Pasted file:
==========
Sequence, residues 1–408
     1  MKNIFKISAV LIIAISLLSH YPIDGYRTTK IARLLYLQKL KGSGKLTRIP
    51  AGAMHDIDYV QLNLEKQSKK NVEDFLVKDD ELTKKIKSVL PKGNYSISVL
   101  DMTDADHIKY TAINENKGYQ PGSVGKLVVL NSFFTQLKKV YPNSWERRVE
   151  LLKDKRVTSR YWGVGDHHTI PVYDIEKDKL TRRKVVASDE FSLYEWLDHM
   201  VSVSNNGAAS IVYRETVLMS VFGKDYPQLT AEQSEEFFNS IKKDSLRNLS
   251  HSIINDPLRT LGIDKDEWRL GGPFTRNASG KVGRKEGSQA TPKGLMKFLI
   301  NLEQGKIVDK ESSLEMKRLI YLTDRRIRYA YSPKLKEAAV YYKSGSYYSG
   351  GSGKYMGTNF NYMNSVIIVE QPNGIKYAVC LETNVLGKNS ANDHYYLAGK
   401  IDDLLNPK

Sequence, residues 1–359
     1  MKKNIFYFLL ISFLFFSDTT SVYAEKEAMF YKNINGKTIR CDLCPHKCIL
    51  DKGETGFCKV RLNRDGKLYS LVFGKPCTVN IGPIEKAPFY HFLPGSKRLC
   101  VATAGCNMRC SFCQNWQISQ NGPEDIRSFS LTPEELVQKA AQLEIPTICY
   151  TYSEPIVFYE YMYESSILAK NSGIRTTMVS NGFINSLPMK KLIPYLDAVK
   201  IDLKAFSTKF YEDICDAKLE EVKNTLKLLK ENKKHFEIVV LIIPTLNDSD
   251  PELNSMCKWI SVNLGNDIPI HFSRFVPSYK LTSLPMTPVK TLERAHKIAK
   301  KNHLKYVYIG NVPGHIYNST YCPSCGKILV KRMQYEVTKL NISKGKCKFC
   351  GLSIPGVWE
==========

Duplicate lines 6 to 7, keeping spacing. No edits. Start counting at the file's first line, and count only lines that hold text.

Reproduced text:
   201  VSVSNNGAAS IVYRETVLMS VFGKDYPQLT AEQSEEFFNS IKKDSLRNLS
   251  HSIINDPLRT LGIDKDEWRL GGPFTRNASG KVGRKEGSQA TPKGLMKFLI